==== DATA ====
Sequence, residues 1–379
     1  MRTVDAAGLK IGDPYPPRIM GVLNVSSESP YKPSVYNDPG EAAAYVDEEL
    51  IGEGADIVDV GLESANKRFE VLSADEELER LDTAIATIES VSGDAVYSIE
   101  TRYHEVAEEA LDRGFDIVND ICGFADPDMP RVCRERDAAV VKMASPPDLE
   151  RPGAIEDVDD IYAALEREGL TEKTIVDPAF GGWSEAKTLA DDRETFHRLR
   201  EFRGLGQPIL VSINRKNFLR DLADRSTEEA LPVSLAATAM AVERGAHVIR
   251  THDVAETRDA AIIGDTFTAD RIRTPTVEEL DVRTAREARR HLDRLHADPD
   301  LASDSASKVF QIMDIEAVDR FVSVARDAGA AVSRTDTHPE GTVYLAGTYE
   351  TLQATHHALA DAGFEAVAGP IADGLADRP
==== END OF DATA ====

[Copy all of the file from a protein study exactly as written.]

Sequence, residues 1–379
     1  MRTVDAAGLK IGDPYPPRIM GVLNVSSESP YKPSVYNDPG EAAAYVDEEL
    51  IGEGADIVDV GLESANKRFE VLSADEELER LDTAIATIES VSGDAVYSIE
   101  TRYHEVAEEA LDRGFDIVND ICGFADPDMP RVCRERDAAV VKMASPPDLE
   151  RPGAIEDVDD IYAALEREGL TEKTIVDPAF GGWSEAKTLA DDRETFHRLR
   201  EFRGLGQPIL VSINRKNFLR DLADRSTEEA LPVSLAATAM AVERGAHVIR
   251  THDVAETRDA AIIGDTFTAD RIRTPTVEEL DVRTAREARR HLDRLHADPD
   301  LASDSASKVF QIMDIEAVDR FVSVARDAGA AVSRTDTHPE GTVYLAGTYE
   351  TLQATHHALA DAGFEAVAGP IADGLADRP